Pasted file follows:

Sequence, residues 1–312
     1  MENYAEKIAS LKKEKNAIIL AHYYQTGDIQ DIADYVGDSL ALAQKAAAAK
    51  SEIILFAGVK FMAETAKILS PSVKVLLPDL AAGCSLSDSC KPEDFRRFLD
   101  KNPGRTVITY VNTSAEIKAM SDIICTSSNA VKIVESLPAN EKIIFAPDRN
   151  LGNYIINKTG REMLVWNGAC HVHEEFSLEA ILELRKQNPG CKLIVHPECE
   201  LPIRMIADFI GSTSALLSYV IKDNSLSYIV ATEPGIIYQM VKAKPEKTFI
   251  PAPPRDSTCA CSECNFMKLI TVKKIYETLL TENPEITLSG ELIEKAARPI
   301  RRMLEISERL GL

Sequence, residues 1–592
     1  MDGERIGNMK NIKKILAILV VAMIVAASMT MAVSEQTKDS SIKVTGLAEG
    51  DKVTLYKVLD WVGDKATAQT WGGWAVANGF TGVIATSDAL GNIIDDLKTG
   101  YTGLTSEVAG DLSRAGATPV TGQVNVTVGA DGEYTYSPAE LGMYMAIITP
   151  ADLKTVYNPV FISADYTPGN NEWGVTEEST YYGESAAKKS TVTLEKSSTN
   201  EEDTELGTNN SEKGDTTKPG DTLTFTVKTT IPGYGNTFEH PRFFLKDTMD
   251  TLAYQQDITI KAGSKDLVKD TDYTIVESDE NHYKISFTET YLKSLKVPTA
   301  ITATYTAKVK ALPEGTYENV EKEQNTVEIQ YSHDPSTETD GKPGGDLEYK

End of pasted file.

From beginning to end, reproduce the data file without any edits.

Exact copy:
Sequence, residues 1–312
     1  MENYAEKIAS LKKEKNAIIL AHYYQTGDIQ DIADYVGDSL ALAQKAAAAK
    51  SEIILFAGVK FMAETAKILS PSVKVLLPDL AAGCSLSDSC KPEDFRRFLD
   101  KNPGRTVITY VNTSAEIKAM SDIICTSSNA VKIVESLPAN EKIIFAPDRN
   151  LGNYIINKTG REMLVWNGAC HVHEEFSLEA ILELRKQNPG CKLIVHPECE
   201  LPIRMIADFI GSTSALLSYV IKDNSLSYIV ATEPGIIYQM VKAKPEKTFI
   251  PAPPRDSTCA CSECNFMKLI TVKKIYETLL TENPEITLSG ELIEKAARPI
   301  RRMLEISERL GL

Sequence, residues 1–592
     1  MDGERIGNMK NIKKILAILV VAMIVAASMT MAVSEQTKDS SIKVTGLAEG
    51  DKVTLYKVLD WVGDKATAQT WGGWAVANGF TGVIATSDAL GNIIDDLKTG
   101  YTGLTSEVAG DLSRAGATPV TGQVNVTVGA DGEYTYSPAE LGMYMAIITP
   151  ADLKTVYNPV FISADYTPGN NEWGVTEEST YYGESAAKKS TVTLEKSSTN
   201  EEDTELGTNN SEKGDTTKPG DTLTFTVKTT IPGYGNTFEH PRFFLKDTMD
   251  TLAYQQDITI KAGSKDLVKD TDYTIVESDE NHYKISFTET YLKSLKVPTA
   301  ITATYTAKVK ALPEGTYENV EKEQNTVEIQ YSHDPSTETD GKPGGDLEYK